Can I take my dentures out at night?

It may help you to adjust to your new dentures if you keep them in place for the first few nights, allowing them to settle in. If you decide to keep them in overnight after that, it is important that you clean them thoroughly before you go to bed, just as you would your real teeth. If you don't mind leaving them out at night, your mouth and gums will have time to recover from the effort of supporting your dentures during the day and will experience the soothing effects of saliva flow. If you're not sure, ask your dentist.

If my dentures hurt what do I do?

If you have any pain whatsoever, you should visit your dentist as soon as possible, don't wait for your regular six monthly visit. Pain shouldn't occur and probably means something's not quite right. Don't take your dentures out though, leave them in, that way, when you visit the dentist he will be able to see where it's sore and sort the problem out quicker.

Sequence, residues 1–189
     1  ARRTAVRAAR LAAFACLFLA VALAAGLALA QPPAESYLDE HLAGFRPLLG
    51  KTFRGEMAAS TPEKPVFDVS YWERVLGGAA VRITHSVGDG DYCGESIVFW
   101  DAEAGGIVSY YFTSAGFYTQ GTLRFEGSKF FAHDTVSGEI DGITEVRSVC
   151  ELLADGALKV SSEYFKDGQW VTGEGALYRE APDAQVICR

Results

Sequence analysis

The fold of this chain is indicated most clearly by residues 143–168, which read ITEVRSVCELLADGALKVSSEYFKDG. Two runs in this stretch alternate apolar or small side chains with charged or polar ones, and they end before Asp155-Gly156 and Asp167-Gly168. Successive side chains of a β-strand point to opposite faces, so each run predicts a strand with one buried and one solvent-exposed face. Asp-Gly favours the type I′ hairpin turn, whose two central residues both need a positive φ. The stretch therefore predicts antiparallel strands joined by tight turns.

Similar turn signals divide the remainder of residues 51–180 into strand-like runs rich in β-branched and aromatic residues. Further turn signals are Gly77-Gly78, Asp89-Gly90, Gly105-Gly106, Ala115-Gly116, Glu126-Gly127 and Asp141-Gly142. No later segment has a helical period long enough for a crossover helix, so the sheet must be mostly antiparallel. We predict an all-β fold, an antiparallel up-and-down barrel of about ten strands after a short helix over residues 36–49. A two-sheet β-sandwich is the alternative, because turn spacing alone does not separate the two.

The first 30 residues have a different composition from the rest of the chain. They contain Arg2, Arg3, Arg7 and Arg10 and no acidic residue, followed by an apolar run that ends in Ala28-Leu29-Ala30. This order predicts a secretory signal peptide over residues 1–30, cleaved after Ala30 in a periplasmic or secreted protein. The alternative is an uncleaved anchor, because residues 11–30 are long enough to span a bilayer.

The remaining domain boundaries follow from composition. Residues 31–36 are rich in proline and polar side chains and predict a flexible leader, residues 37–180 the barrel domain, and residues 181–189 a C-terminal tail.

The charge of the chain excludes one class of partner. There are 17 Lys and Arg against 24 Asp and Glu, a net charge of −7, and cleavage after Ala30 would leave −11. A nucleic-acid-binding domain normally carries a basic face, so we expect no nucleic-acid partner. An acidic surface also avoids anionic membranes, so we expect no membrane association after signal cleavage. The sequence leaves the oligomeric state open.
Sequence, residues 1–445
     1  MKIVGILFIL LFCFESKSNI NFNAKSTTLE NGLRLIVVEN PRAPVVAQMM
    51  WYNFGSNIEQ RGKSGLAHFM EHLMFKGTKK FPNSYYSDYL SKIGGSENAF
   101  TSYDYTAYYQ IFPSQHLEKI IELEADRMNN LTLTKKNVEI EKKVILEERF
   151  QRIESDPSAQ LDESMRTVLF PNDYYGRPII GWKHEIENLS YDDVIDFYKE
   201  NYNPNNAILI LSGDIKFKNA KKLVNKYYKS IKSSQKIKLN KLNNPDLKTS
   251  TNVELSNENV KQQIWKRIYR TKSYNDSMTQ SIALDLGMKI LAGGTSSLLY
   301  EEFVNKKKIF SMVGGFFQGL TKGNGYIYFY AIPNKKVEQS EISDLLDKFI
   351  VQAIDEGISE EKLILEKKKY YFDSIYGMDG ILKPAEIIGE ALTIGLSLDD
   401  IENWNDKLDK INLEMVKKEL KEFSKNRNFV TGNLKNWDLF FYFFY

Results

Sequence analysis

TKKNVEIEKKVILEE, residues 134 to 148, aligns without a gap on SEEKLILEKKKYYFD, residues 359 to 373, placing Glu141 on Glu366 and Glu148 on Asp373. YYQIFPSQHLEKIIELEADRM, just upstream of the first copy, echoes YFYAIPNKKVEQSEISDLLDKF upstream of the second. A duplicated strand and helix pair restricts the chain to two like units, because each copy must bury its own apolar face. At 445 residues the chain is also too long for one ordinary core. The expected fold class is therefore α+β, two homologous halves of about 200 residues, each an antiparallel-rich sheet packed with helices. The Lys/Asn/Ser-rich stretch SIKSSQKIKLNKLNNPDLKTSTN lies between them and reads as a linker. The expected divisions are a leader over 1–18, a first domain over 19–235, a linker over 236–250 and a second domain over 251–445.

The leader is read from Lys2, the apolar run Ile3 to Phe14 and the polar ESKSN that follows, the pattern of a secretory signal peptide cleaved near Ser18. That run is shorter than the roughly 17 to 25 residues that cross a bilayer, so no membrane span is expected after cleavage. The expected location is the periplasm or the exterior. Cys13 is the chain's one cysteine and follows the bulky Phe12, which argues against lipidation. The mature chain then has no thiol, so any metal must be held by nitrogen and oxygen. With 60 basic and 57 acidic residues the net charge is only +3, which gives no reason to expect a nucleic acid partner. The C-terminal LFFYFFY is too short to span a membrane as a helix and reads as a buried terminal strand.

Will I feel self-conscious?

You may feel uneasy at first, like you would in any new situation, but once you've got used to the feel of them, your self-consciousness should disappear. It may take a little time, but eventually you'll feel as confident as before.

Will my sense of taste be affected?

This a quite a common worry, but the fact is that your teeth have nothing to do with your sense of taste. Your taste buds are mainly on your tongue and they'll still be there so eventually everything will not taste too different.

However, at first food may not taste the same, as your dentures will interfere with your tastebuds while your mouth adjusts to the feel of the denture. Your ability to sense hot food and drink may also be affected, so for a while it is a good idea to avoid very hot food and drinks, as you may burn yourself.

Do I play a role in how successful my dentures are?